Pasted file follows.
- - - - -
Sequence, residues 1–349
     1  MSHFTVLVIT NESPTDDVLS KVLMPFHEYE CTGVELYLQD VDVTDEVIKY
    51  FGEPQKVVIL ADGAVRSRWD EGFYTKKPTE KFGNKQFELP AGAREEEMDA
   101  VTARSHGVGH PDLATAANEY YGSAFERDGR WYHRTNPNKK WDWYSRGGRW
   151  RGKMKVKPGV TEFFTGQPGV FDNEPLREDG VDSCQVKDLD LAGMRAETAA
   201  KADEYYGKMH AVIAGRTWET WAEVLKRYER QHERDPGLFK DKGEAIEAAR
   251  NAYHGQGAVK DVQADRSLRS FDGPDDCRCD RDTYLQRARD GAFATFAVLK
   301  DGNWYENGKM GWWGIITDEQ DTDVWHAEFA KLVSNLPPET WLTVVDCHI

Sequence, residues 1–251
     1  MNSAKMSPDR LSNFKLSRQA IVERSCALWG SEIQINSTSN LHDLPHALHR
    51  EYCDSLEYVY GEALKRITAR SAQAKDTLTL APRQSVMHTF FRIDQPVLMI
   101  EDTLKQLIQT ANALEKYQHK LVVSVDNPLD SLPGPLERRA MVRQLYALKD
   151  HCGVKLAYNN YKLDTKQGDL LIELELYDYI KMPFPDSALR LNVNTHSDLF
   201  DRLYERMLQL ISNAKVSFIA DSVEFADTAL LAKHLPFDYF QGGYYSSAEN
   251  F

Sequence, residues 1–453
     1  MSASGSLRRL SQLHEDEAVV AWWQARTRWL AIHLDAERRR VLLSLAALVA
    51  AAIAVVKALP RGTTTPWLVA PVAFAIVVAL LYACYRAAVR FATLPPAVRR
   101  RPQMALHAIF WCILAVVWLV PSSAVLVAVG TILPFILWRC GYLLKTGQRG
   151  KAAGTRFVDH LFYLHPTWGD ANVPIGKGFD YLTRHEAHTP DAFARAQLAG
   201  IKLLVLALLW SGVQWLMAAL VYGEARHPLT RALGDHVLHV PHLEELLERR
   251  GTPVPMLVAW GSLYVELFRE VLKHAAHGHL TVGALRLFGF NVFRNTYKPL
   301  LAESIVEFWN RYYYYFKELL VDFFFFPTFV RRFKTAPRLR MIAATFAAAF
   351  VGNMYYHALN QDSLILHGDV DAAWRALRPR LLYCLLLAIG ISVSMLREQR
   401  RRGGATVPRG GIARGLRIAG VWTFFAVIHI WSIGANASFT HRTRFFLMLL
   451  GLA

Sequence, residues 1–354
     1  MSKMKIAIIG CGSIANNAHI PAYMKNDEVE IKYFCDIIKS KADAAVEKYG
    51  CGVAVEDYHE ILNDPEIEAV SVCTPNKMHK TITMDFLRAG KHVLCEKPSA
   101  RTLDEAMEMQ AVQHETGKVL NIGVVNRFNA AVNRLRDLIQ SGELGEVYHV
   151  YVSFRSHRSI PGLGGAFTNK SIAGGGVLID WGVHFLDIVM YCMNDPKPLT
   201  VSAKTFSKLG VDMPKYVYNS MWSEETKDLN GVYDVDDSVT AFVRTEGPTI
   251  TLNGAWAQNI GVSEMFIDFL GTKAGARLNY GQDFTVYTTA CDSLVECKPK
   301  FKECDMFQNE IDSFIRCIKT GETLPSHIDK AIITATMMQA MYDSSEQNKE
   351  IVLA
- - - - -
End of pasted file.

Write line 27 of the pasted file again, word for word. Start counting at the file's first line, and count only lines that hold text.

Sequence, residues 1–354